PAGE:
On top of that, Grant Williams and Dereck Lively II were two huge additions over the summer, and while Williams has had an up-and-down season, Lively II has been a surprise amongst rookies, leading his team in blocks (1.6) and having the second-highest rebounding average (7.7). With their only notable wins against both LA teams, they’ll be tested later on in the season.

3. Oklahoma City Thunder

The Thunder have been building this for years, it’s just finally coming to fruition now. If Sam Presti hasn’t already gotten the keys to the city, he needs them immediately, because he’s built this team from the ground up twice.

Oklahoma City is second in the West (17-8), led by MVP candidate Shai Gilgeous-Alexander. What’s already been said about the 6’6″ point guard doesn’t need to be repeated. He’s been consistently great the past few years in every department, and now he’s on a team that’s legitimately winning, backed up by Jalen Williams, Lu Dort, and none more impactful in the supporting cast than Chet Holmgren.

Holmgren and Victor Wembanyama have been battling for the Rookie of the Year award throughout 2023-24, and it looks to stay that way. The Gonzaga product and 2022 draftee is second in the league in blocks (2.8), with 16.9 points and 37.3% from deep. His impact this early in his career is certainly turning heads.

Williams is another member of OKC’s 2022 draft class, and the runner-up in the 2023 ROTY voting has brought his scoring up in his sophomore season. Dort continues his exceptional perimeter defense and ability to fit into his role as un undersized three.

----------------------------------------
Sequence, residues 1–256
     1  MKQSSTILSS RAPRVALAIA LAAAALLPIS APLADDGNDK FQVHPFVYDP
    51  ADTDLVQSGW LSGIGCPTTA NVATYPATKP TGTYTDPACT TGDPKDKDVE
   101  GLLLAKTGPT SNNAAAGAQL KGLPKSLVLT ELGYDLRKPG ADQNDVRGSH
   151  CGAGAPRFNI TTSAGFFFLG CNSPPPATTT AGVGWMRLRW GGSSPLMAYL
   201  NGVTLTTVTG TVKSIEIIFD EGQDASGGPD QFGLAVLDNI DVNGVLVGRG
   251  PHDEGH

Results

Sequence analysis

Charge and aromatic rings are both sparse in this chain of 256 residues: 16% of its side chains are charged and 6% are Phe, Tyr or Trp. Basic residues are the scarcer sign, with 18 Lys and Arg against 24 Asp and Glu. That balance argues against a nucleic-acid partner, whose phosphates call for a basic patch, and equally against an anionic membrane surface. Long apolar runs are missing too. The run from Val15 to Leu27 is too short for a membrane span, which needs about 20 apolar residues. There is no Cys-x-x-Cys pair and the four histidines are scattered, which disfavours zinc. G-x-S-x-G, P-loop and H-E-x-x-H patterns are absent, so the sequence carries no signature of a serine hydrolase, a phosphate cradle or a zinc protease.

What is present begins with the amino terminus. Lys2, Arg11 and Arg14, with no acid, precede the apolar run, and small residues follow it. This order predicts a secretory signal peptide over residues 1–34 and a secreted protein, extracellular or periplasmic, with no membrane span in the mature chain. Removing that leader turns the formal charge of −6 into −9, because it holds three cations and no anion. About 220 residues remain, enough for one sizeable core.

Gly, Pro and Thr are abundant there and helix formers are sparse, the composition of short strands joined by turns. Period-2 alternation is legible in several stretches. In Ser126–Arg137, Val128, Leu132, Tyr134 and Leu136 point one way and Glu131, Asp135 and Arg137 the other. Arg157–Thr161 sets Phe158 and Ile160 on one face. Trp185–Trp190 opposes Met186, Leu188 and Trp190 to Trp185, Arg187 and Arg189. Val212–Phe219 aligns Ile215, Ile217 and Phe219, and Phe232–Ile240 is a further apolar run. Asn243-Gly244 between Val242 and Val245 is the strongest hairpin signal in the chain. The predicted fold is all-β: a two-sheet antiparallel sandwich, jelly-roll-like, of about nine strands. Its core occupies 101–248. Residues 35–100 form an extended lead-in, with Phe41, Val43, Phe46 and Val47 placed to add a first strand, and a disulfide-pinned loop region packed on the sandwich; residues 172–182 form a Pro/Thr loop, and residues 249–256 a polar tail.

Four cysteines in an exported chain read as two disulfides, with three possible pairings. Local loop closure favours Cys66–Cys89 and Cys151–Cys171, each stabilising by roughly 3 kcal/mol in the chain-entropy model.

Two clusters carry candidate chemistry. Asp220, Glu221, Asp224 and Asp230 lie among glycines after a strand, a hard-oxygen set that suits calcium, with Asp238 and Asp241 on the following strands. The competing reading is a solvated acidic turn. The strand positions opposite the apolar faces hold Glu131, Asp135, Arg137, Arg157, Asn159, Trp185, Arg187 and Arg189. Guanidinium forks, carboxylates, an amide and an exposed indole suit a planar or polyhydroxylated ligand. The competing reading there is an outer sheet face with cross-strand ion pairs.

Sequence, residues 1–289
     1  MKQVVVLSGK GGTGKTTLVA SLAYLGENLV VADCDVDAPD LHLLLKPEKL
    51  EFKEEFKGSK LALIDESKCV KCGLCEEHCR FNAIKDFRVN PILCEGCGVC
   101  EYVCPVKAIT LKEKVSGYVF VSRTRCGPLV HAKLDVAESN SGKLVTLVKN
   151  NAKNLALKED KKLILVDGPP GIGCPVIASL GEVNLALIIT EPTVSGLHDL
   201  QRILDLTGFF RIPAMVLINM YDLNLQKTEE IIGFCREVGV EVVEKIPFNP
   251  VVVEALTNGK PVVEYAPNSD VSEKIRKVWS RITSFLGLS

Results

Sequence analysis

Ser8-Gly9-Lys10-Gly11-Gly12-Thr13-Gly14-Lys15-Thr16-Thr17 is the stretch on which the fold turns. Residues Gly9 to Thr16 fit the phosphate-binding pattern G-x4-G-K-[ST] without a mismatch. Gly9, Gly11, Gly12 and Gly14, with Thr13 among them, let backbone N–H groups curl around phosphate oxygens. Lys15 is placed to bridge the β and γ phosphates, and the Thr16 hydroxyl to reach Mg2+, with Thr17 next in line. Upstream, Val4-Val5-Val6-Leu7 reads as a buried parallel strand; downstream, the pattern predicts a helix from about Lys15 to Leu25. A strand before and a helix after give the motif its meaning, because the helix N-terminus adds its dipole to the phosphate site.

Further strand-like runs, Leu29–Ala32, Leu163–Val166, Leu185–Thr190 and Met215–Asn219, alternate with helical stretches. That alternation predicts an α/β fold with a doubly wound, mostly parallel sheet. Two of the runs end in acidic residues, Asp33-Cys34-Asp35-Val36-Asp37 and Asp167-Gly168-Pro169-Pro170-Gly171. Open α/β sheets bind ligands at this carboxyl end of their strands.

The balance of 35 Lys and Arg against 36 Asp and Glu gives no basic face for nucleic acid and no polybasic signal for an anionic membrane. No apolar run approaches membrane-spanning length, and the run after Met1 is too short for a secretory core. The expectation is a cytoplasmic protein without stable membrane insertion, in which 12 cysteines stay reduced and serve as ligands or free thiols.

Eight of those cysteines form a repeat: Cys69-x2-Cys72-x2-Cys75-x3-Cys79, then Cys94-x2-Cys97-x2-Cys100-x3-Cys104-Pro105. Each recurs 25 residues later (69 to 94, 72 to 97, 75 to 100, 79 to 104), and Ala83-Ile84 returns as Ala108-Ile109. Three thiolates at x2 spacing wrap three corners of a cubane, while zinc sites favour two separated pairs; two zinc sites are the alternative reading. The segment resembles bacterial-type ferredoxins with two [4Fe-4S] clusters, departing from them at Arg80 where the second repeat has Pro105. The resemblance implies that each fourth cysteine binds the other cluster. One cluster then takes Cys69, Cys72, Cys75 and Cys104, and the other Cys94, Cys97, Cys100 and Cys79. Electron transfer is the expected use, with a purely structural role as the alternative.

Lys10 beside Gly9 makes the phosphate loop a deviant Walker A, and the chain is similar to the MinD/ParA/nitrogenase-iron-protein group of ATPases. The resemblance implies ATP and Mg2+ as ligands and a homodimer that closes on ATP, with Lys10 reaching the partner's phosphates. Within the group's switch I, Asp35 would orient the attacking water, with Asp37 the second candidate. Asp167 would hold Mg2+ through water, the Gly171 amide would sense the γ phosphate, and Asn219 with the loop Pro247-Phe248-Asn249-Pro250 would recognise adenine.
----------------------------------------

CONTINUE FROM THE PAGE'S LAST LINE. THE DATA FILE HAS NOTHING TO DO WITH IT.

What’s so special about this team is that they gel together, aesthetically and statistically. SGA has been their leader, MVP, and franchise cornerstone, backed up by two potential All-Star candidates in Williams and Holmgren, rounded out by solid role players, all homegrown. It brings similar vibes to a certain Thunder team from a little over a decade ago…

2. Orlando Magic

The Magic are similar to the Thunder in that they’ve been rebuilding for a few years now, the only difference is that their rebuild has been more dramatic. Since losing in the first round of the playoffs in 2019 and 2020, they’ve consistently been in the bottom three spots of the East, until now. They sit at the fourth seed in the conference (16-9) and have convincingly beaten notable teams like Milwaukee, Denver, and LA.

A team with six players averaging double figures in points, and two players with 20+ points, sounds like the Celtics, Nuggets, or Bucks, right? Throw Orlando in there, because they fit the description.

Credit has to be given to head coach Jamahl Mosley, who has developed each player into a great role. Paolo Banchero and Franz Wagner are exceptional all-around scorers, with Cole Anthony emerging as a Sixth Man of the Year candidate. Wendell Carter Jr., Jalen Suggs, and Markelle Fultz have become excellent defenders, with Carter Jr. having the second-highest defensive win shares in the NBA (0.185).